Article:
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As defined by the Federal Bureau of Investigation (FBI), an active shooter is an individual who is actively engaged in killing or attempting to kill people in a confined and populated area. From 2000 to 2013,
160 active shooter incidents occurred in the U.S.  This was an average of 11.4 incidents annually, and 70 percent of the incidents occurred in a commercial, business or educational environment.

In most cases, an active shooter incident ends in five minutes or less—before law enforcement can even respond. This means if you want to protect your construction workers, you must train them to identify potential warning signs of violence, raise their concerns, and make life or death decisions quickly should an active shooter incident occur at your office or on a jobsite.

Run, Hide or Fight

The FBI’s current model for responding to active shooters is to encourage civilians to run, hide or fight—in that order. Workers should be instructed to first run as far away from the situation as they can. If they are unable to get away to a safe location, they should locate a secure hiding place. In a heavily populated area, this may be a nearby building. In a remote location, it may be an onsite project trailer or a nearby stand of trees or bushes. Whatever hiding place is chosen, it should provide as much cover and protection as possible. Workers should never attempt to hide in a dangerous place, such as a roof or ledge without fall protection. As soon as it is safe to do so, the worker should contact emergency personnel with the location of the shooter as well as a physical description if known.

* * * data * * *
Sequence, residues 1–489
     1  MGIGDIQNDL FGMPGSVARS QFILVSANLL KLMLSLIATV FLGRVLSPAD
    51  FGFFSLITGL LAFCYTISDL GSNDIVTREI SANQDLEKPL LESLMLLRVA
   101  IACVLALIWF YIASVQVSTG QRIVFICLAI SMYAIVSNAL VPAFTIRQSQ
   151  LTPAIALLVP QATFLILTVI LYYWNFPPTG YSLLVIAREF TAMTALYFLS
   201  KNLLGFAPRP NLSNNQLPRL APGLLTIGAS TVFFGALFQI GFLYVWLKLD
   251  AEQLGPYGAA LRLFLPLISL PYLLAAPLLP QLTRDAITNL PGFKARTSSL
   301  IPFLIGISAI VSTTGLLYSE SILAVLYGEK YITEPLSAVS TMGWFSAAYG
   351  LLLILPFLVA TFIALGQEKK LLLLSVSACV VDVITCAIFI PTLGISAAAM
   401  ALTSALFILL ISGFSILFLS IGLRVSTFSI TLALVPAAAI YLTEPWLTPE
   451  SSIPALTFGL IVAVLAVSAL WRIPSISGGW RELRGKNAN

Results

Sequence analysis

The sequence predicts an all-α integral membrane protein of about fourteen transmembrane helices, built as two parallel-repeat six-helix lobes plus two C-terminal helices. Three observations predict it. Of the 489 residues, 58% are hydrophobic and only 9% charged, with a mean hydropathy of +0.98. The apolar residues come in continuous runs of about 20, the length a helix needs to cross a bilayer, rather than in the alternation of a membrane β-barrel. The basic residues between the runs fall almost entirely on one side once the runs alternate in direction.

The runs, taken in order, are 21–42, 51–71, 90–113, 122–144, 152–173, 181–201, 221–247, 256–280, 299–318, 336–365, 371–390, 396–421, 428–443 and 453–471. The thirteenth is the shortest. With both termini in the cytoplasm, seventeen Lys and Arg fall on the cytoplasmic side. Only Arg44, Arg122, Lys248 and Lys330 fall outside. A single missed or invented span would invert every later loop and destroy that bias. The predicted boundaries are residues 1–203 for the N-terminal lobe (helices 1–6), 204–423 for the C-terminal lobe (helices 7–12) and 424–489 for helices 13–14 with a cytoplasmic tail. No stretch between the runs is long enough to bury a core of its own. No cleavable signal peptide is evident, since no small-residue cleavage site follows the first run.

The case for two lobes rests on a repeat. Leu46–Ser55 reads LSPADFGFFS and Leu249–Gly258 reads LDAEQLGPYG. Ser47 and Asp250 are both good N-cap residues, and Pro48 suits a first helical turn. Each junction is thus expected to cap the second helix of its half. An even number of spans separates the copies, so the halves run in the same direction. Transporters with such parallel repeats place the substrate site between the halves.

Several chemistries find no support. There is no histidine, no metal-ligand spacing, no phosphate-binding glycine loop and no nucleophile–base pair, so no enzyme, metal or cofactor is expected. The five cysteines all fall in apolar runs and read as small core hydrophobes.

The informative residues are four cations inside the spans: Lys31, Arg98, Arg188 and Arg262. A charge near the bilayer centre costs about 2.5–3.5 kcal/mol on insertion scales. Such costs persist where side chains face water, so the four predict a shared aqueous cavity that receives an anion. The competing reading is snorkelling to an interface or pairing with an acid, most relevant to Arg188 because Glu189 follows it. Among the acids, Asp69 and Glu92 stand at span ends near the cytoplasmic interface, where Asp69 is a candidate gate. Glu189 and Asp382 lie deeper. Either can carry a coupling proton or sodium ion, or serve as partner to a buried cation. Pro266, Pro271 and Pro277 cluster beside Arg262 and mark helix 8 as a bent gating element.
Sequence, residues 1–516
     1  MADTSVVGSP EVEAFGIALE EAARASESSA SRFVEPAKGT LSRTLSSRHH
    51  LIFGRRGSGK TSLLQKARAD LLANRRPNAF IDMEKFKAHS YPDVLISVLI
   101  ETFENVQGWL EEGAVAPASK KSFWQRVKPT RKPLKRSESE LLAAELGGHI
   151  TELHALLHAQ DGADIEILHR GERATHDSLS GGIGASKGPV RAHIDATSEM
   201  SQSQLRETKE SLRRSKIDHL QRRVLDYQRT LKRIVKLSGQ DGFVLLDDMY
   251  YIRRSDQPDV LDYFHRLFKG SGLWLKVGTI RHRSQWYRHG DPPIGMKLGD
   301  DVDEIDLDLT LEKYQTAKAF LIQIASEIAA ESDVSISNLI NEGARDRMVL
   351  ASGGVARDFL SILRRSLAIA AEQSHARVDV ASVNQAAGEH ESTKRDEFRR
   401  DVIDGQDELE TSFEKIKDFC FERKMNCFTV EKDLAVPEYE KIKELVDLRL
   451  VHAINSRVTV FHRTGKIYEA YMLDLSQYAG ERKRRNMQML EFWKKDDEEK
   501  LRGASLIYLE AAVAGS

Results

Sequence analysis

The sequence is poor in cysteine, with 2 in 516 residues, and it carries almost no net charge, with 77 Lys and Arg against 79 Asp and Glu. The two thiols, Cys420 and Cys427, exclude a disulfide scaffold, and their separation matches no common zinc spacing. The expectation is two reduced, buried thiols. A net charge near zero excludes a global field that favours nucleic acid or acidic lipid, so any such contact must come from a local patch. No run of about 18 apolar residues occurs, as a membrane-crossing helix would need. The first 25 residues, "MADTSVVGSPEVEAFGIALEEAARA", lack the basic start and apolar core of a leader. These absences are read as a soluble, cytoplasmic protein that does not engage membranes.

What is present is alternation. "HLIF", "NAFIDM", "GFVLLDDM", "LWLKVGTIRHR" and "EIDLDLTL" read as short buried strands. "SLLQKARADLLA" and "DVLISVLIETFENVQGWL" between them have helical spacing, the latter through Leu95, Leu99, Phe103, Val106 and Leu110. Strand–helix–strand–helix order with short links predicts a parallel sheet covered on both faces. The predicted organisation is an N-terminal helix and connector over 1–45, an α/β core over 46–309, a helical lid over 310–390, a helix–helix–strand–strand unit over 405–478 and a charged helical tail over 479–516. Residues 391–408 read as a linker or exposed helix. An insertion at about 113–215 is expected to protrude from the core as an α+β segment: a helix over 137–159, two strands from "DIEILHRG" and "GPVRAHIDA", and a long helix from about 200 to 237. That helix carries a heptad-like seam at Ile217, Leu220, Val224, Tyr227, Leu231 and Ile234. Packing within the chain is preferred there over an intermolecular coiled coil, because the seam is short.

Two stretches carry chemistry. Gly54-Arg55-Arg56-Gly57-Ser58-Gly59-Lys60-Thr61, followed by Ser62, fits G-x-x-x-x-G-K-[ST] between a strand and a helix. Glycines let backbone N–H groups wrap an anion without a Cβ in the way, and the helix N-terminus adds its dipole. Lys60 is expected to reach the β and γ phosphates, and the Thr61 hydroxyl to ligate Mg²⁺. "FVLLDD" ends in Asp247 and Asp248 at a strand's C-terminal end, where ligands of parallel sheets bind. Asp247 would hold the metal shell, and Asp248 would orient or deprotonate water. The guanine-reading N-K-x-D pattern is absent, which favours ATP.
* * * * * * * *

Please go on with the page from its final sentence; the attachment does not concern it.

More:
If the active shooter confronts the worker before he or she is able to run or hide, it’s time to fight. Train your workers to improvise weapons, act with aggression and take the shooter down as quickly as possible. A team approach—if other workers are nearby—may be more effective than an individual attack. Consider hiring a security company or Krav Maga instructor to provide self-defense training and run drills with your construction team as well as the teams of any subcontractors you’ve hired.

Create a Threat Response Team

The team should be composed of both management and non-management construction team members who will implement the emergency response protocols you’ve established for active shooter events. Train the team to provide information to local law enforcement in the event of an active shooter incident, provide first aid to anyone who has been wounded, and identify and search for missing workers who may have evacuated the jobsite. Inform your threat response team about all workplace violence complaints and concerns filed by your workers.

Raise Awareness of Suspicious Behavior

Train your construction workers to look for and report suspicious behavior that could indicate the potential for an active shooter or other workplace violence incident. These behaviors include threatening remarks or gestures, aggressive or hostile behavior, intentional destruction of property, self-destructive behavior and talk of violence. Talk of violence includes threatening social media posts.

Workers should also report any drastic changes in the performance of their teammates, signs of depression, or signs of paranoia. While such factors do not always mean a worker will engage in violent behavior, they may still pose other risks that should be addressed.


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